30 Years of ACRE

30 Years of ACRE
06 December 2017 by Chris Cowcher,

30 Years of ACRE

Last week was a pretty busy one for me. It began with the CLT Conference on Monday, hearing the fantastic news from Alok Sharma MP about continued investment in Community led Housing over the next 3-4 years. Then I was with Plunkett Foundation at their Rural Co-Operatives stakeholder engagement meeting planning some really interesting and innovative activities for ACRE and the ACRE Network to support and join in with in 2018. I finished the week recording a piece for Farming Today on Rural Health but sandwiched in the middle of the week it was time to celebrate the big 3-0, as ACRE turned 30 years old. In the company of friends, colleagues and partners we toasted the milestone and looked to the future.

Here’s to next 30 years, let us see where they may take ACRE and the rural communities in England whom we serve.

ACRE’s AGM was a wonderful event to be a part of. Yes, we had all the usual business to attend with at an AGM, expertly guided by our Chair, David Emerson CBE and then we moved on to an event solely focussing on all things rural. ACRE was very fortunate that Margaret Clark CBE, Chair of the Rural Coalition and also Plunkett Foundation agreed to start the event off with an abbreviated history of collective rural action over the past 30 years. Have a look at our ‘ACRE 30 Years Road Map’ image. With Margaret’s guidance we considered how an organisation such as ACRE has evolved and developed over the past three decades. Proudly representing the 38 members of the ACRE Network, utilising their collective reach and experience to champion the rural voice in national debate has been at the core of ACRE’s activity since we were established.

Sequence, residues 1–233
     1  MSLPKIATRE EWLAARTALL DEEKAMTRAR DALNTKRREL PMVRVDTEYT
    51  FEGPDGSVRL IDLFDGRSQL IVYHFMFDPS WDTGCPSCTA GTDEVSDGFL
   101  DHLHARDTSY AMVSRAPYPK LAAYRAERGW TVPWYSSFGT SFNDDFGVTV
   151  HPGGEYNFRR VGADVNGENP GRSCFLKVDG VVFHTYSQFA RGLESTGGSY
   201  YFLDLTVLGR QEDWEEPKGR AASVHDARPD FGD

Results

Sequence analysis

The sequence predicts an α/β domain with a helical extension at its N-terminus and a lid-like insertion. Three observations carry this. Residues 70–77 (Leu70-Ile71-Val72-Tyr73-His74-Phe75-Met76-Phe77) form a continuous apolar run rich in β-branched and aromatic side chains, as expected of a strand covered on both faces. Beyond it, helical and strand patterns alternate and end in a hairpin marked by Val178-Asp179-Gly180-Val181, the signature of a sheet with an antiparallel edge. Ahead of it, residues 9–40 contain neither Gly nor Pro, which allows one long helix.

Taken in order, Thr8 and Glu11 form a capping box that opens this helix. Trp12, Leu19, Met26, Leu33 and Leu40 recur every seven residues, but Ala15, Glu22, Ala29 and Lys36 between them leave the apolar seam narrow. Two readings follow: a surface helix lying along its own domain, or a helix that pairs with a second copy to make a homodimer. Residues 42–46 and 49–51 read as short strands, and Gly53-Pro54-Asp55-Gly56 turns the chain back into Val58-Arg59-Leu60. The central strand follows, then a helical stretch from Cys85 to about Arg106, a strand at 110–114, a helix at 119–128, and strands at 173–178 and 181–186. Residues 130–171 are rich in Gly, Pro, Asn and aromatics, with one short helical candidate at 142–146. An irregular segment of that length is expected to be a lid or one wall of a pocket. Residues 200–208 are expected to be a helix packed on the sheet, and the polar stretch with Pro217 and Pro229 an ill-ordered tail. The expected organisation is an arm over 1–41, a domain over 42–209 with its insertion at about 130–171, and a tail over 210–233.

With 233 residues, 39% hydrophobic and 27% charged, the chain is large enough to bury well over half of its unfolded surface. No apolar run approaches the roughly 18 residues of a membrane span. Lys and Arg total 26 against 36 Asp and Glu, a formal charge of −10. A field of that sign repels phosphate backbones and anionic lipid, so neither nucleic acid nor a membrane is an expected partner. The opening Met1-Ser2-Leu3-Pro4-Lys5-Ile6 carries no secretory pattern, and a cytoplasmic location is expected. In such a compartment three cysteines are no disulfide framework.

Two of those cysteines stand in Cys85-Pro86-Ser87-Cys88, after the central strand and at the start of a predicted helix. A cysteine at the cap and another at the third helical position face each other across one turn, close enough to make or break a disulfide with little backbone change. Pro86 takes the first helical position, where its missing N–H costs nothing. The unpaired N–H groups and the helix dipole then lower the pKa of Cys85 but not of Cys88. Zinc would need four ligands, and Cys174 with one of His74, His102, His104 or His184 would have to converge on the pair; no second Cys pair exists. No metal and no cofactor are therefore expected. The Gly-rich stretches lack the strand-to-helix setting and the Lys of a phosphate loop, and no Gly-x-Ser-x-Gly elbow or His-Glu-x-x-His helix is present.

We were very fortunate to have Lord Gardiner of Kimble, Parliamentary Under Secretary of State for Rural Affairs and Biodiversity present at the AGM. He followed Margaret’s introduction by setting out how government was listening to rural communities. Defra’s funding enables the ACRE Network to engage with their rural communities and provides the opportunity to represent their views, needs and values in the very heart of government. Lord Gardiner used his own experiences of working with his local parish council to celebrate the tireless work of volunteers, a truly important part of rural communities. It was positive to hear the reaffirmation of the Government’s commitment to rural areas. The Minister recognised volunteers as being at the heart of local action – something which is at the very core of the work undertaken by the ACRE Network.

The ACRE Network was also represented in proceedings with presentations from Gloucestershire RCC, Community Council for Somerset, Community Action Northumberland, Action in rural Sussex and Community First Yorkshire. At the finish the room was a buzz with networking, business card swapping and chatter as Lord Gardiner, Margaret Clark, David and Richard cut a cake bearing the words “ACRE 30”. All of this was going on in front of a back drop of pull-up banners from members of the ACRE Network, which demonstrated the unique and individual collective of organisations who keep ACRE going – it was a sight to be seen and certainly remembered. You can see some of the online interactions on the day by searching for #ACRE30Years on Twitter.

Here’s to next 30 years, let us see where they may take ACRE and the rural communities in England whom we serve.